Madeleine Devès Senghor

A propos de Madeleine Devès Senghor

Of justice and exemplary work

Géante pionnière dans la construction de l’Afrique indépendante, plasticienne, juriste engagée dans de nombreuses causes en faveur des enfants et contre le viol.Madeleine Devès Senghor est une digne fille de l’époque senghorienne, car elle évoque avec autant d’intérêt ses anciennes fonctions dans la Haute Administration sénégalaise, que son travail de plasticienne éprise de culture, qui l’a accompagnée toute sa vie.

Juriste de formation spécialisée en droit public, elle faisait partie de la première promotion d’étudiants de l’indépendance, en 1961, responsabilisée dès sa sortie de l’université, car destinée à remplacer les fonctionnaires coloniaux sur le départ. « On était la génération de la construction nationale. On se voyait comme des maçons au pied d’un mur et il fallait monter les briques. » 

The difficulties she recounts are those of her personal choices that were influenced by the destiny, personified by her father who was opposed to her pursuing an international career, for fear of seeing his daughter leave for a foreign country which could be violent for a woman.

At the time of the university, Madeleine Devès was already a member of the General Union of Students of West Africa, which gave her an immoderate taste for the associative milieu. She was among the founders of the Association of University Women Graduates (ASFDU). In 1968, when the concept of family planning was not obvious, they created the Association Sénégalaise pour le Bien Être Familial (ASBEF). 

En 1974, avec d’autres collègues, elle fonde l’Association des Juristes Sénégalaises (AJS) qui très tôt, a été un organe phare pour faire évoluer le statut de la femme au Sénégal. Ce sont elles qui ont revendiqué auprès des autorités politiques les modifications des textes de loi dans le sens du renforcement et de la garantie des droits des femmes, mais surtout en droit civil, en droit de la famille, le statut personnel. Elles ont veillé à ce que le Sénégal, en se dotant du Code de la Famille, puisse garantir une égalité des droits. Ces femmes avaient l’ambition de participer à l’organisation du pays.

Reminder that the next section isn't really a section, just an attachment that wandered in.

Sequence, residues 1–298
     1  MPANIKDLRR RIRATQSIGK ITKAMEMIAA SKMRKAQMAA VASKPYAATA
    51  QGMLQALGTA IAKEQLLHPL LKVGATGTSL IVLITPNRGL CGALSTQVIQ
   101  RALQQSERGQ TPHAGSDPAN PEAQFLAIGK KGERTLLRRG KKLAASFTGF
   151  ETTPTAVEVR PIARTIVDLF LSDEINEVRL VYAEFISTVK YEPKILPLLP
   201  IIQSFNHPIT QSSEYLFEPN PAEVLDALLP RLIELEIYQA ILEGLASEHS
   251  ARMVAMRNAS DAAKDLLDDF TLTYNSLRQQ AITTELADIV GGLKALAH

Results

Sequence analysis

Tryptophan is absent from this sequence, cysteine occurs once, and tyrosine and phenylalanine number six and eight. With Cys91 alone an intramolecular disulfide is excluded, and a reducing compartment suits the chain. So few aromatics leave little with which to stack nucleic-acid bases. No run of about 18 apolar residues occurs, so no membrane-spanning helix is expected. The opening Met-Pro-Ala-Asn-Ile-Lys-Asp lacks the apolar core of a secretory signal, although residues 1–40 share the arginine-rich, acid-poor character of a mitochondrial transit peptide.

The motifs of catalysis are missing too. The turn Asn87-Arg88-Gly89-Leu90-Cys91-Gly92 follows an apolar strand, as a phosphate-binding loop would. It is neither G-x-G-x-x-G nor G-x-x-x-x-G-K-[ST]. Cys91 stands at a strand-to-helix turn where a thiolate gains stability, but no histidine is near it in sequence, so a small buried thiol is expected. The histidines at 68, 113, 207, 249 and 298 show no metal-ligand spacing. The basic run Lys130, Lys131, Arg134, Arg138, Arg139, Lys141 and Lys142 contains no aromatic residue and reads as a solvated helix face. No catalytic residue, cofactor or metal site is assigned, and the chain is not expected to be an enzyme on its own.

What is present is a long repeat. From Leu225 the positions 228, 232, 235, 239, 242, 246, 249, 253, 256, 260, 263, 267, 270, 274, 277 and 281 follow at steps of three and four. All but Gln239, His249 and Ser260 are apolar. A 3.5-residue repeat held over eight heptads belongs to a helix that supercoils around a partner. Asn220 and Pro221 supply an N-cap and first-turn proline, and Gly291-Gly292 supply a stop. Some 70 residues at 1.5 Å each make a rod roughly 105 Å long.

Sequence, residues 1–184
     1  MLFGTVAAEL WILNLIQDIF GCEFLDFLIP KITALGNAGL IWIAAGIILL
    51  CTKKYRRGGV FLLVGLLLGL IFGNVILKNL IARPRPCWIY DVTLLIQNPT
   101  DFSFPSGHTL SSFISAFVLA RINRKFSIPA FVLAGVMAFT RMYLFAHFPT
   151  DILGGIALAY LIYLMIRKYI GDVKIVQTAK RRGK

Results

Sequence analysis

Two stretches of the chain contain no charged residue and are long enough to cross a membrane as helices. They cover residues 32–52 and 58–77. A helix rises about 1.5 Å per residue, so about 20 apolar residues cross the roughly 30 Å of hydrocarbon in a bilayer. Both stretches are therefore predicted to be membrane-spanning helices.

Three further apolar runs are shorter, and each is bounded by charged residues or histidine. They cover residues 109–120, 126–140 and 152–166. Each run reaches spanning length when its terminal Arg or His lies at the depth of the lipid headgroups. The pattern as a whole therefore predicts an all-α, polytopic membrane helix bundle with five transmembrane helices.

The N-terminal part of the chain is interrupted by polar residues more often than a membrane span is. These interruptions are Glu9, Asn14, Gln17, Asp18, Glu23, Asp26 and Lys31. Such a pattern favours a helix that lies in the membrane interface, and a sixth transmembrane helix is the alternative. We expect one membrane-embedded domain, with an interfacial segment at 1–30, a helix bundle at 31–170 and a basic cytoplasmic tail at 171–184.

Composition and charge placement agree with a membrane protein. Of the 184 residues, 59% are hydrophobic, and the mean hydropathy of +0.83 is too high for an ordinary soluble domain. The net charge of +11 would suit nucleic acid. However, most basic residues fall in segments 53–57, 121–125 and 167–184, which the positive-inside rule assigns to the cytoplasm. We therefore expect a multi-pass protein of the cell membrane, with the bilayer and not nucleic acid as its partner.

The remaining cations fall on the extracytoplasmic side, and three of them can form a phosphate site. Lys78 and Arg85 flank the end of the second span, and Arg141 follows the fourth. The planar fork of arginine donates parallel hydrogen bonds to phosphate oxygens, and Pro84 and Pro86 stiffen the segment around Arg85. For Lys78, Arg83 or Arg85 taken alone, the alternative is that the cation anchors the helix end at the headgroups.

Madeleine Devès stays abreast of societal changes and challenged the Association on cases that were close to her heart. For example, when she noticed the sexual exploitation of talibé children who came to beg outside nightclubs, she suggested that the director of child protection come and observe the phenomenon in the field. Also, for two years, she compiled a file on child defilement in order to establish a study of this phenomenon in Senegal, which could help to better understand it. 

Madeleine continue à siéger aux Conseils Consultatifs des différentes organisations. « Tout était à créer à l’époque, mais je continue ».

She continues to carry out missions for SOS Children's Village, of which she is the treasurer.

Along with her professional career and her dense associative activities, she has devoted herself to plastic creation, which takes a big place in her current life. This work, she started as a relaxation then developed in a search for forms and meaning. In using the so-called feminine Senegalese traditional art of sewing, she questions in another way the place of women in society.

Madeleine Devès Senghor
Lawyer

Madeleine Devès Senghor is a worthy daughter of the Senghorian period because she evokes with the same interest her former functions in the Senegalese High Administration and her work as a plastic artist in love with culture, which has accompanied her all her life.

A lawyer with a specialized training in public law, she was part of the first class of of students of the independence, in 1961. This class, which had to replace the colonial civil servants, on leaving, was given responsibility upon leaving the university.

"We were the generation of national construction. We saw ourselves as masons at the foot of a wall and the bricks had to be mounted. »

The difficulties she recounts are those of personal choices that have been influenced by the destiny personified by his father. For the latter opposed that she was make an international career for fear of seeing her daughter go to a violent stranger for a woman.

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